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In order to defend the country from the third Napoleonic invasion (1810), Wellington's strategy consisted in the construction of an entrenched field, between the Tagus and the Atlantic, that would defend, overland, the Lisbon peninsula, taking advantage of the rugged characteristics of the territory. The land border squares would have a delaying function, in order to provide more time for the organization of the defense work in Lisbon.  

The main objective was to keep the capital free from French troops - not only for the strategic value of its port, but also for security reasons because, in the event of military failure, the English troop corps would be shipped, in São Julião da Barra.

On October 20, 1809, Wellington drew up the famous memorandum with instructions that were to be followed by the engineering commander of the English army - Lieutenant Colonel Fletcher - in the construction of the defense works. Thus, a military system was designed based on four lines of defense, two main and two complementary. Construction work began in the fall of 1809 and, in less than a year, 126 fortifications, military roads and other natural barriers.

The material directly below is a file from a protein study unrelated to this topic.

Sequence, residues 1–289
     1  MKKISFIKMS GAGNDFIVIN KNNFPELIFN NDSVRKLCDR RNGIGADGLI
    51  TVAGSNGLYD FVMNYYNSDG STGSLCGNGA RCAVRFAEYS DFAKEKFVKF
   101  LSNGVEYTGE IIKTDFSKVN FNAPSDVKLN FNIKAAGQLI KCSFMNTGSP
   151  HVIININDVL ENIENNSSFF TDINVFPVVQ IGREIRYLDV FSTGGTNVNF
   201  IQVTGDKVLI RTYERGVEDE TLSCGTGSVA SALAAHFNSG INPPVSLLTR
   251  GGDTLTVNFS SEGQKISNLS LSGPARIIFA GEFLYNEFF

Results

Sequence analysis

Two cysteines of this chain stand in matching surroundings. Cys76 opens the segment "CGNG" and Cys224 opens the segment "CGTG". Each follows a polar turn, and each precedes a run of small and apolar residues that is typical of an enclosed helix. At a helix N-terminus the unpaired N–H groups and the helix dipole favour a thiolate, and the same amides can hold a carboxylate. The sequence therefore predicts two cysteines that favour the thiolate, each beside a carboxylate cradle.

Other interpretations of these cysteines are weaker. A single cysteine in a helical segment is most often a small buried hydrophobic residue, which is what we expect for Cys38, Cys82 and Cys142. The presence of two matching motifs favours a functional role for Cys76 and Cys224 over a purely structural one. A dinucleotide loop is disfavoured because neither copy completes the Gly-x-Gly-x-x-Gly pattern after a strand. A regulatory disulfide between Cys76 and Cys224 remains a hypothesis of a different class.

The City of Torres Vedras is located at the most advanced point of the 1st Line, located about 13 kilometers north of the 2nd Line. The 1st Line was 46 kilometers long, connecting Alhandra to the mouth of the Sizandro River. In order to reinforce the elevated positions, devices were prepared to flood the lands next to the Tagus and in the Sizandro valley, in order to hinder their crossing, as well as progression by road.

The improvement of the Lisbon Defense Lines continued until 1812, since Napoleon's new attack was expected, which did not happen. 152 military works were built, including redoubts and batteries, 37 of which in Torres Vedras, equipped with 523 fire hydrants. The São Vicente Fort, together with the Olheiros stronghold, which defends the west flank, constitutes one of the main defensive points of the Lines of Torres Vedras.